So there’s a lot of blog posts showing up in response to a number of recent comments from a few Pastors (hate to name names, but Mark Driscoll and John Piper) regarding maleness, God’s supposed masculinity, and the role of women in the Church. I hesitated to post anything for several reasons. Mainly because I don’t want to contribute anything to the attention these fellas are generating. Offensive statements draw a crowd, and giving people a platform to say things that cause a fuss is hardly something I want to do. I’ve only read a few choice posts by some folks whose writing I already find trustworthy and reliable.
One thing that changed my thinking regarding whether or not to post my own two cents coming from a post by Christian Piatt is his reference to coming out of the baptist tradition, and being used to Piper’s position, and leaving the Baptists in part because of that. Of course he acknowledges that Baptists come in a variety of forms and opinions (especially South of my homeland), but I want make a defense, as a Baptist of opinions similar to Piatt’s (Piatt himself is married to an ordained woman). My denominational affiliation is in the Canadian Baptists of Ontario and Quebec. Us Canadian Baptists have been ordaining women for a while now. In fact, the Church into which I was baptized had at the time a pastoral staff of a married couple, and another female associate. Now, that same church is lead by a female senior pastor, a female emeritus, and a female youth and family pastor. I attended seminary with a host of godly, talented women who I know are called by God to be leaders in our churches.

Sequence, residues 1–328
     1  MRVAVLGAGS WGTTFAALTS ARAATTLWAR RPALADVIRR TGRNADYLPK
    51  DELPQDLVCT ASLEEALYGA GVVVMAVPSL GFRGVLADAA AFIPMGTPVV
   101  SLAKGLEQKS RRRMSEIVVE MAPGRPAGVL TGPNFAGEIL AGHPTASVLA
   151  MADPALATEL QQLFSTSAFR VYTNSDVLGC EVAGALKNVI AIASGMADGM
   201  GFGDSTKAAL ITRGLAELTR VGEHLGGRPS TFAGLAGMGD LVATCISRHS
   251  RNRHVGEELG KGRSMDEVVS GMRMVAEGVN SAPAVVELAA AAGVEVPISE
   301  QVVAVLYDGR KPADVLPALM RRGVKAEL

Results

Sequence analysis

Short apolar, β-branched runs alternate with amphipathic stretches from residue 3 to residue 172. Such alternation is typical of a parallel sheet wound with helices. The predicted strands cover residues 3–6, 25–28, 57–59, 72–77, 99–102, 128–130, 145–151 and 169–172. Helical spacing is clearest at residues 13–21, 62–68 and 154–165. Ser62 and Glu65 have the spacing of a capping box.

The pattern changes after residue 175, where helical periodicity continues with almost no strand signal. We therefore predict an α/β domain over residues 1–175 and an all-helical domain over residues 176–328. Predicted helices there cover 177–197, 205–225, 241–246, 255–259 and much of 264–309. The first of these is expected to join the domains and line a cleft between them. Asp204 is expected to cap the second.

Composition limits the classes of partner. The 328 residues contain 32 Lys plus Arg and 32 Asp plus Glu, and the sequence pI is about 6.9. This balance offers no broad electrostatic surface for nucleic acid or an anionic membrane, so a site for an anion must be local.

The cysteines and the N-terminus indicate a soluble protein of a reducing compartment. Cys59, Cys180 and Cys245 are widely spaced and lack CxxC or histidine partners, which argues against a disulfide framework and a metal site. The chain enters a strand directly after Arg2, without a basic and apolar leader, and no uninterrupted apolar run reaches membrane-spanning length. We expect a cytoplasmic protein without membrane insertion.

Now that I’ve shown my hand up front, here’s some justification of my position. Let’s check the Scriptures, shall we? Hang in there, this is a wild ride. For today we’ll limit this a bit. Ordination of women will have to wait. First we’ve gotta deal with the whole submissive woman thing. If women are subjugated to men, ordination of women in moot point. So, first let’s unpack the husband-wife relationship.
Here goes (*deep breath* this is going to take balls to say)…
Where does the concept of biblical male lordship come from? Genesis 3 of course:
To the woman he [God] said,
“I will surely multiply your pain in childbearing;